Link Posted: 1/21/2002 7:47:48 PM EST
Credit rating agencies have been downgrading the retailer's debt. Banks including J. P. Morgan Chase (news/quote) and FleetBoston (news/quote), as well as lenders like the GE Capital Corporation, have been negotiating with the company for the last week about various types of financing. Kmart has secured the services of Henry S. Miller, the head of Dresdner Kleinwort Wasserstein's restructuring practice, as its bankruptcy adviser. Jack Butler, a partner at Skadden, Arps, Slate, Meagher & Flom, who has represented the company for the last several years, will act as the company's lawyer. Investors became increasingly worried about Kmart after the company's board held a marathon 36- hour meeting spanning Jan. 7 and 8, only to issue no public statements about the outcome of the meeting for 48 more hours. When Kmart finally did talk last Thursday, it merely announced a series of high-level executive changes and said it would review its liquidity and continue discussions about financing. James B. Adamson, an outside director with firsthand experience in managing distressed companies, became Kmart's chairman. And Mark S. Schwartz, who had been brought in with much fanfare from Wal-Mart to resuscitate Kmart's fortunes even though he was credited with the failure of two other retailers, Big V Supermarkets and Hechingers- Builders Square II, was dismissed as president. That did little, however, to calm the fears of the company's suppliers and financiers. Mr. Adamson, who is chairman of the Advantica Restaurant Group (news/quote), which operates Denny's and other restaurant franchises, joined Kmart's board in 1996, and although he worked wonders to bring Revco out of bankruptcy, critics complain that he has not helped Kmart avoid it. Mr. Adamson is expected to bring in a colleague who has worked with him at Advantica as Kmart's chief restructuring officer to work alongside Mr. Conaway, an adviser said. While the board shuffled management last week, banks led by J. P. Morgan Chase worked feverishly to cobble together $2 billion to $3 billion in asset-backed financing for Kmart. One investor was told that the bank had offered Kmart two choices. It could file for court protection to secure that money, or it could stay out of bankruptcy and take a smaller loan of $750 million to $1.2 billion. The terms of that loan would have placed J. P. Morgan first in line to recover not only that money but also the $1.5 billion it was owed after Kmart drew down its credit line after the holidays. In bankruptcy, however, J. P. Morgan will have the same standing as bondholders, who are owed some $4.5 billion, and trade creditors, who are owed $2 billion to $3 billion. An executive close to the talks said Kmart had hoped to arrange financing that would keep it out of bankruptcy. "But in a situation like this, you need to file as quickly as possible so that suppliers start shipping again," he said. Kmart's problems have mounted over the last three decades, and a quick fix is not likely — nor is a strategy for a turnaround clear. Several regional discounters have either gone out of business or sought court protection at least twice. Copyright 2002 The New York Times Company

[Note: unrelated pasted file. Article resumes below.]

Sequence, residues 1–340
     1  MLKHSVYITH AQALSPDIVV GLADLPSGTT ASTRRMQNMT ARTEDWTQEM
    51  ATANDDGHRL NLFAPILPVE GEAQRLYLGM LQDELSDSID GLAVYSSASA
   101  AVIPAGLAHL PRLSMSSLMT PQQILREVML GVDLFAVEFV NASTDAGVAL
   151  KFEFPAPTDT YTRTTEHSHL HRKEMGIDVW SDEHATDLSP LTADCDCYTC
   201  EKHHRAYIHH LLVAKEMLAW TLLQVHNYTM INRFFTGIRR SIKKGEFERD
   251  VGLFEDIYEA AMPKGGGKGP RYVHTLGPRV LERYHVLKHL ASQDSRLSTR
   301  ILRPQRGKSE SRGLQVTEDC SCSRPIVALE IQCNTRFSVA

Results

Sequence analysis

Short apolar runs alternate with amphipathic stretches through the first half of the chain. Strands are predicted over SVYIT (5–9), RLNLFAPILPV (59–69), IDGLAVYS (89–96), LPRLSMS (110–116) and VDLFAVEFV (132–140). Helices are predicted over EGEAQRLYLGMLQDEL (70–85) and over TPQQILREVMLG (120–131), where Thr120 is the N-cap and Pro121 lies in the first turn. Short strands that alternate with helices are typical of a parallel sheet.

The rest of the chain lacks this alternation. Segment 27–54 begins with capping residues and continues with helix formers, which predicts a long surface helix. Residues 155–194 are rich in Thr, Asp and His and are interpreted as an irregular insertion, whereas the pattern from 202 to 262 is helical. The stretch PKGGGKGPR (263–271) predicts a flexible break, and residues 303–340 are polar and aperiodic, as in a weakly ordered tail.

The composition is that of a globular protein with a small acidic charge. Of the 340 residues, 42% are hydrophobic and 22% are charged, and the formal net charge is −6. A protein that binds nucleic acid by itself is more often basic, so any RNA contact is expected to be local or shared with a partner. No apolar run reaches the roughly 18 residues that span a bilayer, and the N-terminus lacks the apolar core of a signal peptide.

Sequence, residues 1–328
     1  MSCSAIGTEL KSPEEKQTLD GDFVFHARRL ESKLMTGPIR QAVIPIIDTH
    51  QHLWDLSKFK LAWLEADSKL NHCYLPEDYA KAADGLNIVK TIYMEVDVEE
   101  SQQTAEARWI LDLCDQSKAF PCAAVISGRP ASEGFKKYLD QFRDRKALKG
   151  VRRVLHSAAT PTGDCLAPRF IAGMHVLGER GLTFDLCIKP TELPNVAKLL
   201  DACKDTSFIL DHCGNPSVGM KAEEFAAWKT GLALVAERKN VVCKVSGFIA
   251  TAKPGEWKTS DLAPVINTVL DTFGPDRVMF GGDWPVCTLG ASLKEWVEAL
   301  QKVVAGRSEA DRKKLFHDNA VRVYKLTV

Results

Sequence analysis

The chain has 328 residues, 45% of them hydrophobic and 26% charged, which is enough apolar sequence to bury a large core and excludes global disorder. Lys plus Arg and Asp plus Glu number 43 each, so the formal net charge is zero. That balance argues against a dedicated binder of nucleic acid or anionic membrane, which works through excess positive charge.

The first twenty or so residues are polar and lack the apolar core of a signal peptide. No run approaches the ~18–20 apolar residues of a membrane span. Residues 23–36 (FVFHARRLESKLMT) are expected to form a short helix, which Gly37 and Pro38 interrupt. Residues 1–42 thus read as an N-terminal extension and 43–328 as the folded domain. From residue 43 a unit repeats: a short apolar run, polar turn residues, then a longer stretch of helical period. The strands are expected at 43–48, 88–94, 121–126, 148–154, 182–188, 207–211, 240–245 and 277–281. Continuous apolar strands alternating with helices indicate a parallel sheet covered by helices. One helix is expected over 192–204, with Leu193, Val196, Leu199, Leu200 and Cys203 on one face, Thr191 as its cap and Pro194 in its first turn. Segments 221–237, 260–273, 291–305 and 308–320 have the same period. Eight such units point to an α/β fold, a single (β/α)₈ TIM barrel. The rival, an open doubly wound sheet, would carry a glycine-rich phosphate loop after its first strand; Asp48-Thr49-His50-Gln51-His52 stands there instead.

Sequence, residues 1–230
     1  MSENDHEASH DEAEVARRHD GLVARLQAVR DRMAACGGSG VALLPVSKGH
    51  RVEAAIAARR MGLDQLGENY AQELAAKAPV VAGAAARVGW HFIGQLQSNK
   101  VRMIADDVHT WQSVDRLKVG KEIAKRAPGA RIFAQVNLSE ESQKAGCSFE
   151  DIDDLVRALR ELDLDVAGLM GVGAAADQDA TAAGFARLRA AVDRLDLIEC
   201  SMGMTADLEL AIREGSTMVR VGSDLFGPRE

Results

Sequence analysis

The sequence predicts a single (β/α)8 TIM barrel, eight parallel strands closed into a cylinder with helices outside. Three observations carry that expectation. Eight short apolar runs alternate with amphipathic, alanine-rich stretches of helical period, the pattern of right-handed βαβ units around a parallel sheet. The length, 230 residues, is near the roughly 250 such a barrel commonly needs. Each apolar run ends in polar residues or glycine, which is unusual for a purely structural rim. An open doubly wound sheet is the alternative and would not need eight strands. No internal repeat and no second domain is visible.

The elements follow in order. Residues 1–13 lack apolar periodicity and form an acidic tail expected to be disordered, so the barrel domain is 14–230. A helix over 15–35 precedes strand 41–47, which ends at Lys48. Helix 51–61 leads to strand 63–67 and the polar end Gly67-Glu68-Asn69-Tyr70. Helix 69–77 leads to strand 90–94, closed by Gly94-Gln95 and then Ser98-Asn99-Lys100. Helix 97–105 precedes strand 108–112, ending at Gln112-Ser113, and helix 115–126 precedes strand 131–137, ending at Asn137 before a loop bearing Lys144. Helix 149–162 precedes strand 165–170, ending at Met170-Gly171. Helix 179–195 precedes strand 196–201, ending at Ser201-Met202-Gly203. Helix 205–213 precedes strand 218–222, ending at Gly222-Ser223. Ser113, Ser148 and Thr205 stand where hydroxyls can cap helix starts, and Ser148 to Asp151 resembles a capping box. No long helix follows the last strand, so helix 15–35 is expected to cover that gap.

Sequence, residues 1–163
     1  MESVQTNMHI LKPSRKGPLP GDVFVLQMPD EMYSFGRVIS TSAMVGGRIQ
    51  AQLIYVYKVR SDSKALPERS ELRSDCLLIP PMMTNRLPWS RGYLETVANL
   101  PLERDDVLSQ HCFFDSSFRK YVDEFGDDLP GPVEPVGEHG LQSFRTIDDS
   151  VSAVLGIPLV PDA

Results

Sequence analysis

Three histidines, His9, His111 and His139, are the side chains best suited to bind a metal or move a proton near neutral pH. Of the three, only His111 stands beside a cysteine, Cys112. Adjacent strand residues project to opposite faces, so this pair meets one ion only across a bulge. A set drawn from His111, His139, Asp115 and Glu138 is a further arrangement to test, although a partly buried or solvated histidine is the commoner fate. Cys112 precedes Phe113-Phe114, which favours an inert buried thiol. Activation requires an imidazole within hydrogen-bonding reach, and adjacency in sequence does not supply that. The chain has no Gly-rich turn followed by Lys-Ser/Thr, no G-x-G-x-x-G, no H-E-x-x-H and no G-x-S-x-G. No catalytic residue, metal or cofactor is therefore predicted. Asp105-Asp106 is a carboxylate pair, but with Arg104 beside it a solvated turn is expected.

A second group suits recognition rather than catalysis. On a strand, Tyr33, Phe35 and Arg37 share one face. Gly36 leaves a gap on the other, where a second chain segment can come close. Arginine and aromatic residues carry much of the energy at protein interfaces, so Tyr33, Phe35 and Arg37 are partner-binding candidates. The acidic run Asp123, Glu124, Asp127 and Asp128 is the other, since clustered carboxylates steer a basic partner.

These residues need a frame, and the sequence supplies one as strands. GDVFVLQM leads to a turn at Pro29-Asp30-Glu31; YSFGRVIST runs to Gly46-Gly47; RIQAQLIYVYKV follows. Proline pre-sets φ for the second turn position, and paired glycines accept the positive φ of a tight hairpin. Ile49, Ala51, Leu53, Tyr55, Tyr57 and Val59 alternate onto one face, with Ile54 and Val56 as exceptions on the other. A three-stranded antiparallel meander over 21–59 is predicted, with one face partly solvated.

Link Posted: 1/21/2002 8:21:21 PM EST
My only regret is they may survive after closing a few hundred stores!!! Rosie O'Swine just keeps on giving. Rushbo even commented on this today - and favorably to gun owners! My local K-Mart has been very poorly managed for years. I have long thought it was only a matter of time. 30 miles south of me they built a new store. 4yrs later they built ANOTHER new store - and remained stuck with lease on the old one. STILL got it some 6 yrs or so later!! In a town of maybe 10,000 population! Seems it was a monument to a retiring executive who was from Hillsboro (Ohio). Loss in the millions. It is these types of idiotic management decisons that can bring down a big company. Keep you eye on Big Bear (Penn Traffic) they will go too, just will take a little longer. Good ridance of bad rubish as my grandma used to say.
Link Posted: 1/21/2002 8:22:43 PM EST
Rosie Killed K-Mart.
Link Posted: 1/21/2002 8:29:01 PM EST
I went into a Kmart a few years ago, and it took me over 30 minutes to check-out, of course I swore I wouldn't be back, I haven't been back since.
Link Posted: 1/21/2002 8:51:44 PM EST
Kmart sucks Ray.
Link Posted: 1/22/2002 6:00:29 AM EST
nail guns ? i'm still worried about those "ASSAULT SHOES"!!!
Link Posted: 1/22/2002 6:32:16 AM EST
Link Posted: 1/22/2002 6:39:35 AM EST
Originally Posted By TREETOP: Rosie Killed K-Mart.
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Rosie ate all their food.
Link Posted: 1/22/2002 7:40:24 AM EST
Originally Posted By anothergene: As of today, they did file. I still remember as a kid the old S.S.Kresge stores when it was an original 5 & dime. The soda bar, the bins of toys...japanese friction cars made from real beer cans. Not much from China then, just Japan. In competition with F.W.Woolworths, selling parakeets and canaries. Dont forget the turtles with the decals on their backs. Others faded quietly into oblivion...W.T. Grants, Uncle Bills, Scotts, Giant Tigers, Ben Franklin, Gold Circle and Zayres. Woolco never made it here. Now we have these Target stores, talk about useless. See how long they last.
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I had forgotten about those stores. Don't forget Coronet's and Roscoe's. That was a long time ago in the 50s & 60s. For me thought the Targets are a lot better than the Walmarts. I ALWAYS have to wait in long lines when I go to my local Wally World, whereas 5 max at the Target.